His debut showed an artist enamoured with the same grimy house as compatriots—and now label mates—Delroy Edwards and Willie Burns. But where Apron tempered its grit with a semblance of percussive polish, PMA is wholly committed to redlining.
Beato's approach is starkest on "Hawo." It opens with a growl, like switched-on speakers being plugged into the mains, and only gets rougher. Kicks crackle as they're pushed deeper into distortion, synths shriek through bulging reverb, and the final third's slither of a melody is punctured with the briefest flicker of human contact—screams that sound like someone falling off the edge of a cliff.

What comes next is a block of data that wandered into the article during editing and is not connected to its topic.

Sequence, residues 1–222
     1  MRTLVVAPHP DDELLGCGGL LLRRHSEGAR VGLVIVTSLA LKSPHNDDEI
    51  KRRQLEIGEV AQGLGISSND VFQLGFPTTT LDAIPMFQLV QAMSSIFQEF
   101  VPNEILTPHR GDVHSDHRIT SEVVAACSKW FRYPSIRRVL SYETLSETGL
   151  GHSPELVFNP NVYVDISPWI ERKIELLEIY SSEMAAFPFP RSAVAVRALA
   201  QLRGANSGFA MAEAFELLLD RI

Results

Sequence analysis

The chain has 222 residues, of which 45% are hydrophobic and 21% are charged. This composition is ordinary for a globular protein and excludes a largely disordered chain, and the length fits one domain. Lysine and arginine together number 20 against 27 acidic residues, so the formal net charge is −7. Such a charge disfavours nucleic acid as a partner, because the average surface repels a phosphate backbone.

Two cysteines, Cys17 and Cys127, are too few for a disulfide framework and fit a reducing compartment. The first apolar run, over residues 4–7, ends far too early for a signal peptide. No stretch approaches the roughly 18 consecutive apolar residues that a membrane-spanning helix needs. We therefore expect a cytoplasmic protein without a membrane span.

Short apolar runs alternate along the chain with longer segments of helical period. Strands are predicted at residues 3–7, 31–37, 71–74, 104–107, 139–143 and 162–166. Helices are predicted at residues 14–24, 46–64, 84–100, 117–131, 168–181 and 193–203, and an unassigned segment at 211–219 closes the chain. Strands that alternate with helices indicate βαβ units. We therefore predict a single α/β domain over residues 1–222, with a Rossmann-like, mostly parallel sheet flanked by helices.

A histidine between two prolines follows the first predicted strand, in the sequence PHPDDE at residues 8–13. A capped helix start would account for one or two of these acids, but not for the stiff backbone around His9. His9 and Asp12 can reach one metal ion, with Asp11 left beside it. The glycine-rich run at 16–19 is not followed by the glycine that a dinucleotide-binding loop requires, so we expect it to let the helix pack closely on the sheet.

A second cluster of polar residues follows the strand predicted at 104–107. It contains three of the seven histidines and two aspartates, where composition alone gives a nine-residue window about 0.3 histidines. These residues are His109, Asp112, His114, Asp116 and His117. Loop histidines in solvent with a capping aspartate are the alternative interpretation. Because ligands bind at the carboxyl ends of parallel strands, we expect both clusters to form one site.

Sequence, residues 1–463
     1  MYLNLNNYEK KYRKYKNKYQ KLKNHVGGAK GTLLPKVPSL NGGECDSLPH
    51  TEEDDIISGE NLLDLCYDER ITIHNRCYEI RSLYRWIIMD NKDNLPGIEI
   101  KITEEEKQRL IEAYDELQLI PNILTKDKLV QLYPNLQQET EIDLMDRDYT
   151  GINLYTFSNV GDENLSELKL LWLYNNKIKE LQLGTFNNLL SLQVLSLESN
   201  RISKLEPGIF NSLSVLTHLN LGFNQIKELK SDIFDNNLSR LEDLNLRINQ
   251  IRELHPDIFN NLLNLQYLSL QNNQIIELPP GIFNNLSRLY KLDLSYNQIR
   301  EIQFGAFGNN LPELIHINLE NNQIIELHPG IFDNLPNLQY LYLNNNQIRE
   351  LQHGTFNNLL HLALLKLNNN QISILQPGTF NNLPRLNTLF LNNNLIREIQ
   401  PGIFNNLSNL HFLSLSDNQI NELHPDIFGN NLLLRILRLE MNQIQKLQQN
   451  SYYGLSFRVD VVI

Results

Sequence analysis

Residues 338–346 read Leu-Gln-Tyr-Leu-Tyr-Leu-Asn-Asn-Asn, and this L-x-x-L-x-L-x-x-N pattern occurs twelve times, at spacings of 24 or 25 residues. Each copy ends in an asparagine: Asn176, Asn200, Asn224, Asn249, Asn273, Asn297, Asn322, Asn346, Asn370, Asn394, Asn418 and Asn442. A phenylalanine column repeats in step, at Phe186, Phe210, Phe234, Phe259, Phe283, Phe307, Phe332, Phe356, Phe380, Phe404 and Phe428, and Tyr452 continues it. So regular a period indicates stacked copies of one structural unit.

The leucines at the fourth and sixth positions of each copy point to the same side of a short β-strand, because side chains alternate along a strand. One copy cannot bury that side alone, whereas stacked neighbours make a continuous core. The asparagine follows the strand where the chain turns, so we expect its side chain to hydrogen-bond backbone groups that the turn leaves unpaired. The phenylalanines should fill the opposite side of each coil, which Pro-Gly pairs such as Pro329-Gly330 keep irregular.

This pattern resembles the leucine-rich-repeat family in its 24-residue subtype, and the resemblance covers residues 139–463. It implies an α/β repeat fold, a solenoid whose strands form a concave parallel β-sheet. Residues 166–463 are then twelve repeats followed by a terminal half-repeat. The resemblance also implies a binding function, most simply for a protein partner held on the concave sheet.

Elsewhere things are no smoother. "PMA"'s train track hi-hats roll over fractured snares, and the bass sounds like it was recorded through a wall. That tactic is echoed on "Gimme A Light," where the highs and lows are removed, so it feels like it's being spun in a club you're in the queue for. Were that the case, you'd be forgiven for immediately trying to blag your way past the bouncer.